House Republicans Are Incorrigible Warmongers

There are 222 Republicans in the U.S. House of Representatives. Although they would all claim to be for a strong national defense, most of them are incorrigible warmongers that don’t know the difference between offense and defense.

There are forty-one national emergencies that presidents have declared in the forty-seven years since the National Emergencies Act was passed that are still in force, the oldest of which dates back to 1979. Representatives Paul Gosar (R-AZ), Eli Crane (R-AZ), and Matt Gaetz (R-FL) recently tried to end five of these national emergencies (the Congo, Libya, Iraq, Yemen, and Syria), but could not get the support of their fellow Republicans in the House.

According to Rep. Gosar:

Emergencies are by definition temporary.  That is why the law governing national emergency declarations provide the president temporary powers and are intended to be short-lasting and require Congressional review and oversight no later than six months after being declared, and every six months thereafter.

The “emergencies” at issue here are between 10 and 20 years old, and are clearly not urgent, temporary or short lasting.  Congress has failed to perform its most basic Constitutional duty: checking the powers of the executive branch.  Not once has Congress reviewed any of these decades-old emergency declarations, as required by law.

Sadly, in many instances, the sanctions imposed by these national emergency declarations aid and abet conflicts thousands of miles away, destroy innocent lives and exacerbate human suffering.

No president, regardless of party, should be handed a blank check and endless special powers that can be used to circumvent the normal democratic process, exceed their constitutional authority, and violate the balance of power.

He further says that “the extended national emergency declarations related to the Congo, Libya, Iraq, Yemen, and Syria allow the President to access 135 special statutory powers.”

If I lived in Arizona, and I voted, I would vote for Paul Gosar.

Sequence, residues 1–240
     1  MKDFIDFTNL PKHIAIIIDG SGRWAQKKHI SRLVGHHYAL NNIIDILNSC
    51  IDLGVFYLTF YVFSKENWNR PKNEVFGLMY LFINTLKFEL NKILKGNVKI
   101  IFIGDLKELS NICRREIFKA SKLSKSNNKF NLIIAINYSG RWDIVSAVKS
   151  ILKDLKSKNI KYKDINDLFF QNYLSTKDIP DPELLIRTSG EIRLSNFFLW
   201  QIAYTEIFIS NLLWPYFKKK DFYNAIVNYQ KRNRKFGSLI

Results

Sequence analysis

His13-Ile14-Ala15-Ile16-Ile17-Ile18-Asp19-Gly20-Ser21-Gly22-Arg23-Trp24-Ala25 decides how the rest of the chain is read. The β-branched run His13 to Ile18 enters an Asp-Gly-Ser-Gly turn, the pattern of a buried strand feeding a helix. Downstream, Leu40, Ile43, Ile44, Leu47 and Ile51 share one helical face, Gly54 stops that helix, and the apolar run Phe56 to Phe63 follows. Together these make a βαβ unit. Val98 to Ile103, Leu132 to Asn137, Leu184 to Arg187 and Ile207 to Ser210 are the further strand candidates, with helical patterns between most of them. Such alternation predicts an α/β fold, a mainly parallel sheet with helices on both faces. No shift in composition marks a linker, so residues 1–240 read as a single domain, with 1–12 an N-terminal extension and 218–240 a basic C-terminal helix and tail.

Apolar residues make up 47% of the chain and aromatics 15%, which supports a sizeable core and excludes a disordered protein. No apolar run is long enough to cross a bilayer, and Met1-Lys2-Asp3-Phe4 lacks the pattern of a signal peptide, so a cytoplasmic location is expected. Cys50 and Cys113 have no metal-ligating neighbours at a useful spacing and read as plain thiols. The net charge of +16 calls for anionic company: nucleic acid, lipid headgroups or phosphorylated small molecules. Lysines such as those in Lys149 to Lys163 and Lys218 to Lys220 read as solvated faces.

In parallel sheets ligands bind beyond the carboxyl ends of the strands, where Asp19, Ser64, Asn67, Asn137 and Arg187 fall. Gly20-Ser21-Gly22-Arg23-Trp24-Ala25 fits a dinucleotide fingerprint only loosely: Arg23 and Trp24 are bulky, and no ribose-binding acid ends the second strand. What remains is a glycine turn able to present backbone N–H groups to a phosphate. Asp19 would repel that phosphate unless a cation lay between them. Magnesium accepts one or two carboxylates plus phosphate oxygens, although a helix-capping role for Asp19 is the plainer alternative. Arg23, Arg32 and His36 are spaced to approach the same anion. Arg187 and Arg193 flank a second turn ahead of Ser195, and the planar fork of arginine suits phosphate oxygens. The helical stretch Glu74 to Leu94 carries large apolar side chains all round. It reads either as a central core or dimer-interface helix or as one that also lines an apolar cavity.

H.J.Res.68 would terminate “the national emergency declared by President George W. Bush on October 27, 2006, which blocks the property of certain persons contributing to the conflict in the Democratic Republic of Congo.” The Republican vote was 24 for the resolution and 191 against.

H.J.Res.70 would terminate “the national emergency concerning Libya declared by President Obama on February 25, 2011.” The Republican vote was 26 for the resolution and 189 against.

H.J.Res.71 would terminate “the national emergency declared by President George W. Bush on May 22, 2003, with respect to the stabilization of Iraq.” The Republican vote was 22 for the resolution and 194 against.

H.J.Res.74 would terminate “the national emergency declared by President Barack Obama on May 16, 2012, which blocks the property of certain persons threatening the peace, security, or stability of Yemen.” The Republican vote was 23 for the resolution and 192 against.

H.J.Res.79 would terminate “the national emergency declared by President George W. Bush on May 11, 2004, which blocked the property of certain persons and export of certain goods to Syria in response to Syria supporting terrorist activity in Iraq, among other activities.” The Republican vote was 20 for the resolution and 193 against.

House Republicans are incorrigible warmongers.

Regarding Iraq in particular, Rep. Gosar wrote in a Washington Times op-ed: “In 2003, President George W. Bush declared a national emergency and cited it as the legal basis for the invasion of Iraq, despite the fact that Iraq was not actually a threat to the national security of the United States. This decision was an abuse of executive power, violated international law, and undermined the authority of Congress.”

U.S. foreign policy is reckless, belligerent, and meddling because Republican warmongers make it so.

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